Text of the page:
The synthetic association hypothesis proposes that common genetic variants detectable in genome-wide association studies may reflect the net phenotypic effect of multiple rare polymorphisms distributed broadly within the focal gene rather than, as often assumed, the effect of common functional variants in high linkage disequilibrium with the focal marker. In a recent study, Dickson and colleagues demonstrated synthetic association in simulations and in two well-characterized, highly polymorphic human disease genes. The converse of this hypothesis is that rare variant genotypes must be correlated with common variant genotypes often enough to make the phenomenon of synthetic association possible. Here we used the exome genotype data provided for Genetic Analysis Workshop 17 to ask how often, how well, and under what conditions rare variant genotypes predict the genotypes of common variants within the same gene. We found nominal evidence of correlation between rare and common variants in 21-30% of cases examined for unrelated individuals; this rate increased to 38-44% for related individuals, underscoring the segregation that underlies synthetic association.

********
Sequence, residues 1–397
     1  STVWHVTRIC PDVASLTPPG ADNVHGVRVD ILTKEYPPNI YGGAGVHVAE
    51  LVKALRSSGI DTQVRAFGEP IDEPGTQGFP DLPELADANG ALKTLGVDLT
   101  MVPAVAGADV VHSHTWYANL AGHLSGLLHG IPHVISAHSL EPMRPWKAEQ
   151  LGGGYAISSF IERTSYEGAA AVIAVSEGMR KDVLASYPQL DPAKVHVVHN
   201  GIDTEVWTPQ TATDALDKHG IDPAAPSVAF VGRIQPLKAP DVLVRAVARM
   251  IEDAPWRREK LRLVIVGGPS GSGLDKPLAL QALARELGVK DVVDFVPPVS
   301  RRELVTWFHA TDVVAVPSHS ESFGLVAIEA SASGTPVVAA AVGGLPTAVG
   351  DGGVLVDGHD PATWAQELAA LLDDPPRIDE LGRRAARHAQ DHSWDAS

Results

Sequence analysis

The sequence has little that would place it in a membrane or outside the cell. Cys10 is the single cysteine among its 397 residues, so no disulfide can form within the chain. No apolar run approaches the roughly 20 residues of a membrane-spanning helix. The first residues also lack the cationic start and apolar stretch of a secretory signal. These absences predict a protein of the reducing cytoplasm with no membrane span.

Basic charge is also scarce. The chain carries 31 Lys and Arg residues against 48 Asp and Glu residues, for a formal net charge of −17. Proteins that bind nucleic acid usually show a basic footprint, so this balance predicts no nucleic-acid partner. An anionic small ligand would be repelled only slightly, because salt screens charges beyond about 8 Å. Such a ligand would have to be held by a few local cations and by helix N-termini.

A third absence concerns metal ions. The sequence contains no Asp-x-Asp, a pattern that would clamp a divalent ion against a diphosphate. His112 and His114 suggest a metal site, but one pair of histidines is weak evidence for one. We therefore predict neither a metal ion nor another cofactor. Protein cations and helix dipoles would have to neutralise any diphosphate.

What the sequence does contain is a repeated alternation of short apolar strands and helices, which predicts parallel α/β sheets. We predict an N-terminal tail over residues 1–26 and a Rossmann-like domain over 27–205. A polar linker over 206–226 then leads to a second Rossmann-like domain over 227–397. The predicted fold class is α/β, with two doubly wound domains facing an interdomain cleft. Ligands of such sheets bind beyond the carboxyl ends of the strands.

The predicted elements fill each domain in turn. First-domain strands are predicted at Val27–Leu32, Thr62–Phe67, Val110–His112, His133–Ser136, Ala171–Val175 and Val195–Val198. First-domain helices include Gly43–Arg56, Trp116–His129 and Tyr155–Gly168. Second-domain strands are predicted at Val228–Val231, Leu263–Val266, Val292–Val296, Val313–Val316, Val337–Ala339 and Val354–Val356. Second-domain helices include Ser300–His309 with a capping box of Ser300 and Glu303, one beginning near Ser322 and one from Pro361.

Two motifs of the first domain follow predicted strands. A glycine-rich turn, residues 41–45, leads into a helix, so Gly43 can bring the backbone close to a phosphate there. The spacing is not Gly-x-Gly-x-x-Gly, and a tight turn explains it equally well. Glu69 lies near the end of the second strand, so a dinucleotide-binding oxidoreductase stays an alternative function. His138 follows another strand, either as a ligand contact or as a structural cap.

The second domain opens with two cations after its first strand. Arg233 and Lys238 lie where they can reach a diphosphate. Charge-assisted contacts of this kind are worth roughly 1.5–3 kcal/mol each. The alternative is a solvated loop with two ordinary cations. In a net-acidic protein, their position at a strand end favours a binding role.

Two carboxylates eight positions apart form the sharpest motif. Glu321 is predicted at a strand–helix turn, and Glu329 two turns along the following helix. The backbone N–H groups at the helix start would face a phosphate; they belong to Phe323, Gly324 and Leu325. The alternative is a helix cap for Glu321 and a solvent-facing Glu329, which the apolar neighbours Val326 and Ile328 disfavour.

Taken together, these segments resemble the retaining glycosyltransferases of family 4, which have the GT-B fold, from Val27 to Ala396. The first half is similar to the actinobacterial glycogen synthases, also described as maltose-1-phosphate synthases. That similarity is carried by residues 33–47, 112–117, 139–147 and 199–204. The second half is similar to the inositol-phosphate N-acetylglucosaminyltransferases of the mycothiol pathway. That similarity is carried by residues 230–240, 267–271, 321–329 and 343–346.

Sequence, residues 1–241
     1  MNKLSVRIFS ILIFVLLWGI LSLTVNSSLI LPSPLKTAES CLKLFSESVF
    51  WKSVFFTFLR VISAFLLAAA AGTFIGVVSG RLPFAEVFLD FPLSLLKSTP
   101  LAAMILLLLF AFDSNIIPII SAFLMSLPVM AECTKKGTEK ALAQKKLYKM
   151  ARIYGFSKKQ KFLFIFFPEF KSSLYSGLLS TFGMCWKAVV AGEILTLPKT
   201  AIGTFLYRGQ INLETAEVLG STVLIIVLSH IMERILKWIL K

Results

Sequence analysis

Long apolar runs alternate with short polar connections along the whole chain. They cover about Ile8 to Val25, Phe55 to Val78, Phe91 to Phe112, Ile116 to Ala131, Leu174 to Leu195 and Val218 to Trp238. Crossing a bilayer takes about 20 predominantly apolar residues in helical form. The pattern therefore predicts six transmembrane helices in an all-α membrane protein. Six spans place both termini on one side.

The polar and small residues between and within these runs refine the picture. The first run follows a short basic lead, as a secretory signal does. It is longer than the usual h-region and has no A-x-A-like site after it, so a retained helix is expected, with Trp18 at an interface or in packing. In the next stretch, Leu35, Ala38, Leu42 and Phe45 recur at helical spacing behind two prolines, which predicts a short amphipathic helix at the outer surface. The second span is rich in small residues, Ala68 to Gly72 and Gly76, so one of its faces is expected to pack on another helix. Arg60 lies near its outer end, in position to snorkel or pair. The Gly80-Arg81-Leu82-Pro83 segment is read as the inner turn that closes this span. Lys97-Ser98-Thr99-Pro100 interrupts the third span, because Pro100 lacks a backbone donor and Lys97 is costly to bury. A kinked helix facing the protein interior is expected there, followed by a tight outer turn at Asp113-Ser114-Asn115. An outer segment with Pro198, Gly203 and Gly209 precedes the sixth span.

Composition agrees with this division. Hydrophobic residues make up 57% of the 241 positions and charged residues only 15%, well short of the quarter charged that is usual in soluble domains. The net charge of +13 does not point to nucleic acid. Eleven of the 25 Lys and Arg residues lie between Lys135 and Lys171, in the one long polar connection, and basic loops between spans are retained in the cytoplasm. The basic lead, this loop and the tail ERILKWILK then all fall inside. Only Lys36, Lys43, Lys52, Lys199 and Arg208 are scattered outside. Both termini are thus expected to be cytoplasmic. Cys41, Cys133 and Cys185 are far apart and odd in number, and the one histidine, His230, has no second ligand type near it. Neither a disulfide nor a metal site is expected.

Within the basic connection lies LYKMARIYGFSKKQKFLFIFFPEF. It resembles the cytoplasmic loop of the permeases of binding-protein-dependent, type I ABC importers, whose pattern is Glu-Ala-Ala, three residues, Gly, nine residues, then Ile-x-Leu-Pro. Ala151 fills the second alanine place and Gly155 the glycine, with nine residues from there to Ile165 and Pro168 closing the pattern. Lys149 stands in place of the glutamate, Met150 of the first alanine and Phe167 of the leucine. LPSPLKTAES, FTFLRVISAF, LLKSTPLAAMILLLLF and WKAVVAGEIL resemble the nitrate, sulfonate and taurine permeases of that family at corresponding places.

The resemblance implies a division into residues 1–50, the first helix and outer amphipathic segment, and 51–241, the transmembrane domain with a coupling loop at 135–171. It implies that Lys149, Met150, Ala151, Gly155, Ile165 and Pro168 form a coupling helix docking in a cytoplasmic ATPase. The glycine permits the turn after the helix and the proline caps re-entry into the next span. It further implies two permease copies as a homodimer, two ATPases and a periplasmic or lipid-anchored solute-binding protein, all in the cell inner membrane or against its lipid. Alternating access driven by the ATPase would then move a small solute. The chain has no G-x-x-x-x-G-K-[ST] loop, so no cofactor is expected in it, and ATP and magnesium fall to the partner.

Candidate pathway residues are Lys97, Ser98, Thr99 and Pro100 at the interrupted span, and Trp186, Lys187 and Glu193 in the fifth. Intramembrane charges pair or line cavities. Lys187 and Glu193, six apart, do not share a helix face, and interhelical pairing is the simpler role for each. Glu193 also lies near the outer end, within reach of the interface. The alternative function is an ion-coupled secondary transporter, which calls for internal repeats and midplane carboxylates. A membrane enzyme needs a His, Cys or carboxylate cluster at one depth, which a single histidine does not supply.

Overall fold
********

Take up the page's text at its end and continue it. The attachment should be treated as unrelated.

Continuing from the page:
ASJC Scopus subject areas
- Biochemistry, Genetics and Molecular Biology(all)